She spotlights "Someday Stars" every other Thursday, introducing her readers to those that she believes will be a bona fide star--someday.
I've always loved Charlie's upbeat blogging personality, her positive outlook toward life (wherever it may take her) and her genuine love of family.
Congratulate her on all those works she's finished and give her a great big welcome!
Step 1: Finish Your Manuscript
Before I dive into this, let me make it clear that I don’t have any writing credentials outside a few small-town story contests. Because of that, I don’t expect anyone to take my writing “advice” with any merit. However, one thing I can do is finish a book, and the first step to being published is, of course, having a complete manuscript.
I’ve wanted to be a writer since junior high, started focusing on it in high school, and began taking it seriously in my first year of college. I started my first book when I was 13, but I didn’t finish a [different] book until 19. If my memory is correct, the first book I finished was the eighth I had started (not including my dabbling in fanfiction, which we won’t get into!).
So what changed?
The thing that really got me focused was utilizing a daily word count. I fluctuated between a minimum of 500 and 1,000 words a day, every day. Sometimes it was really hard to get those words in when I wasn’t excited about the scene or didn’t know what would happen next, but I had to do those words, otherwise they would accumulate, because I refused to forgive a day’s word count unless absolutely necessary.
|Charlie Holmberg's awesome blog|
The next step was turning off my internal editor. We all have one: the mini version of us that, in the voice of our 11th grade English teacher, says, “That sounds weird,” or “You’ve already used that word!” The sooner you murder this editor and bury him six feet under (later to be resurrected as a blood-thirsty and immortal revisionist), the more words you will write. Stop thinking about it. Say it can’t be done? So did I. But if you try hard enough—if you remind yourself that revisions will come later, and they will be glorious—it can be done. I have the
Lastly, you need to make time to write. Not find time to write, make it. The reason we always arrive at our son’s soccer practice on time or catch the latest episode of America’s Got Talent, despite our busy schedules, is because we make those things priorities. There comes a point where you have to ask yourself, How much do I want this? The more you want to write, the more time you will find to write. The more excited you are about you manuscript, the more time you will find the write. The more you ache for your story to be on a shelf at Barnes & Noble, the more time you will find to write.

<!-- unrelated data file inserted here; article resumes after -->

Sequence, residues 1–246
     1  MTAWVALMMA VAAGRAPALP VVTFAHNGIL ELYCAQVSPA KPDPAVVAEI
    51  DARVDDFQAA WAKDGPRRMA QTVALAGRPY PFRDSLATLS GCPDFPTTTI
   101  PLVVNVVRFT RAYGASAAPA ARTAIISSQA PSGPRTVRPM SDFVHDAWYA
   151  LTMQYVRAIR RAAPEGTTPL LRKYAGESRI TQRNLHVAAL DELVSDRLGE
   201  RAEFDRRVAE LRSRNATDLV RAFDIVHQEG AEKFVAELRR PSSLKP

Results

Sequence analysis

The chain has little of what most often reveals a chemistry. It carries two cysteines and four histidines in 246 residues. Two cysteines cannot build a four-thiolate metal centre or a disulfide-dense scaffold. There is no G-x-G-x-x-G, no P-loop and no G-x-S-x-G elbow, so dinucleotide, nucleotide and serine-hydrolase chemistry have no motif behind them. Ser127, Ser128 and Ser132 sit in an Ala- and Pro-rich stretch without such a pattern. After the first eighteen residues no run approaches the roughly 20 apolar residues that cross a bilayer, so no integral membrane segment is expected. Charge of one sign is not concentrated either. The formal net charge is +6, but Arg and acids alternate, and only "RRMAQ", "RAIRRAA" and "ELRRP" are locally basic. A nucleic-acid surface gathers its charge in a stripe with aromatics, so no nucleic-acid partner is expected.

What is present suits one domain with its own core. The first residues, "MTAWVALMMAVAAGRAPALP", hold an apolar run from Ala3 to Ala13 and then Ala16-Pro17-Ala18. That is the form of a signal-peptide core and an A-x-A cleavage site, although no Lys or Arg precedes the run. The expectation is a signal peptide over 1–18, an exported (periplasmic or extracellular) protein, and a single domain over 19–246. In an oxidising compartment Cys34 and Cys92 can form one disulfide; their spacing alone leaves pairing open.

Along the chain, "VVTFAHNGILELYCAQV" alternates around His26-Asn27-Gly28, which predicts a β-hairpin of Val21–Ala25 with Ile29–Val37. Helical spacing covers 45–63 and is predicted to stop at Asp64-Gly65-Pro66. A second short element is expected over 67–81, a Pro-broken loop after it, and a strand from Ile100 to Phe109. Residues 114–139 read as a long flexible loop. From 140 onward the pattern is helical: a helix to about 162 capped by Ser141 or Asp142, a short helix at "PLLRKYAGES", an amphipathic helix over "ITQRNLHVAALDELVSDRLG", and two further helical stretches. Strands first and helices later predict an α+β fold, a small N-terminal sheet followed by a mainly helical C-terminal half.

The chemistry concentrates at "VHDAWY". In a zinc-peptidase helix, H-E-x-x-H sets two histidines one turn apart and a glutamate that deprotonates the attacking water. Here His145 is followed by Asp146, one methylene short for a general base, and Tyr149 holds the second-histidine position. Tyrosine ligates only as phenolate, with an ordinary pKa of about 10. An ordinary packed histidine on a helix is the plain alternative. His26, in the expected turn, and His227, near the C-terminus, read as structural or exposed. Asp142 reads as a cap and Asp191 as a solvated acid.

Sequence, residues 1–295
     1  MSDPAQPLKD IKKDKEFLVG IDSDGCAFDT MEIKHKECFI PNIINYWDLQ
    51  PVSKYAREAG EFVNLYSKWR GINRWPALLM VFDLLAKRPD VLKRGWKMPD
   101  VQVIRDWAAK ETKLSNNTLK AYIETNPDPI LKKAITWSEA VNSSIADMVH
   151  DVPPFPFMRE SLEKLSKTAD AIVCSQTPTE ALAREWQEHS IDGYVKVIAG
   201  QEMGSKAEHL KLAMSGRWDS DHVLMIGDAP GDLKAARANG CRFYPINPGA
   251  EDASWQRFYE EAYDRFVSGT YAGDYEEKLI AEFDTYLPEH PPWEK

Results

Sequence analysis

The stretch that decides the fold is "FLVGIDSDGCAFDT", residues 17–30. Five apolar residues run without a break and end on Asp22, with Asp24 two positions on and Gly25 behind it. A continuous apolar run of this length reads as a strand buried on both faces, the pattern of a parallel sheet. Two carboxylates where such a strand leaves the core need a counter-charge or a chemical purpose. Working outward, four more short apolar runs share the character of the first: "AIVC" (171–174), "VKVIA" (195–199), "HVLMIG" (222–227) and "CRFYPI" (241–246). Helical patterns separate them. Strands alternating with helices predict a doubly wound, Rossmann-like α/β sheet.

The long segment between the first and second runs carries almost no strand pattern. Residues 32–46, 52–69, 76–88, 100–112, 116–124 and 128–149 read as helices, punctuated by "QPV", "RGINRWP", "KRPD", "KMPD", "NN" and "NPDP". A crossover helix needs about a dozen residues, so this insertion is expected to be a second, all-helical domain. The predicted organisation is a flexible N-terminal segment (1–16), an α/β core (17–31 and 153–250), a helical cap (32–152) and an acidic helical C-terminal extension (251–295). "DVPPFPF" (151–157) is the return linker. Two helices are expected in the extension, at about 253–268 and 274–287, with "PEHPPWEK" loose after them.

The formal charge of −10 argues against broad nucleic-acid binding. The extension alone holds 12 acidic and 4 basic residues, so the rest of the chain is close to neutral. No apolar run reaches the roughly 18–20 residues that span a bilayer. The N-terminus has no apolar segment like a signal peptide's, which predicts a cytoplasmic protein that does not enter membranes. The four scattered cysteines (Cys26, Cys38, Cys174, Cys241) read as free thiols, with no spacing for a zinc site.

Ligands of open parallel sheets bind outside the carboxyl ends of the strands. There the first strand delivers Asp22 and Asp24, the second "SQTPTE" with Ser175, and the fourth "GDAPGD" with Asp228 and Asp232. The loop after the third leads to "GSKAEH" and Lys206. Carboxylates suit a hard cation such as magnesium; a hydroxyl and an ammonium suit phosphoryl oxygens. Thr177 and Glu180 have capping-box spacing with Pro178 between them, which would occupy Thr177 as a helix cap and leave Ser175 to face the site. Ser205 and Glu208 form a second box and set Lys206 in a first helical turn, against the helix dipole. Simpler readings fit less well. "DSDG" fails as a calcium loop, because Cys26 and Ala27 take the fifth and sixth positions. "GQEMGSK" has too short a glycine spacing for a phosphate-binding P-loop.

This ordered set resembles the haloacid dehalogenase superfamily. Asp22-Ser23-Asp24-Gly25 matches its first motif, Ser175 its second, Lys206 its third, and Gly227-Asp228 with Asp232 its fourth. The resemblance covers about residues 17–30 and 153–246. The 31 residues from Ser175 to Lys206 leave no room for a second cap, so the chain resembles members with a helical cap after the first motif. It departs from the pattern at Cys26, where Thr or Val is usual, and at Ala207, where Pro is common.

I’ll use my sister and I as an example. Both of us love writing; both of us are writers. My sister is currently finishing her revisions of her first completed novel, which she started three years ago. I’m currently drafting my seventh.
|So many? :-)|
Now look at me. I have a full-time job, and I write. Outside of that, my hobbies are limited to my learning to play the ukulele and the occasional brushing up on my neglected piano skills. I do enjoy cooking dinners when my husband isn’t scheduled for work. I used to bake a lot, but now only do on occasion. I used to play the flute and the French horn. I used to write music. I used to win awards for my compositions and played live shows. These are hobbies I pushed aside for the sake of writing, and while I am not nearly as well-rounded as my sister, outside of my husband and family, getting published is the most important thing on my map right now, and the highest and hardest goal I have set for myself.
So when it comes to time, if you want to write, write. If writing is a priority to you, make it a priority. No need to be a Nazi about it—life happens. Problems arise. Kids need mothering. The day job needs doing. I can’t recall which author said this, but one of the greatest pieces of advice I’ve ever heard in regards to finding time to write went something like, “Nothing needs your attention at four o’clock in the morning.”
Butt in chair + hands on keyboard = productivity.
Productivity = finish books.
Finished books = queries to agents and editors.
Queries, though long and tiresome, = published works.
Much luck to everyone on this writing journey, and thank you to Jeff for letting me leak brain all over his blog. Let’s get those manuscripts finished and show the publishing industry just what we’re made of!
|Charlie Holmberg is awesome!|
I’m a technical writer and editor from Salt Lake City, Utah, currently living in Moscow, Idaho. I play the ukulele, pretend to speak Japanese, and really want a dog.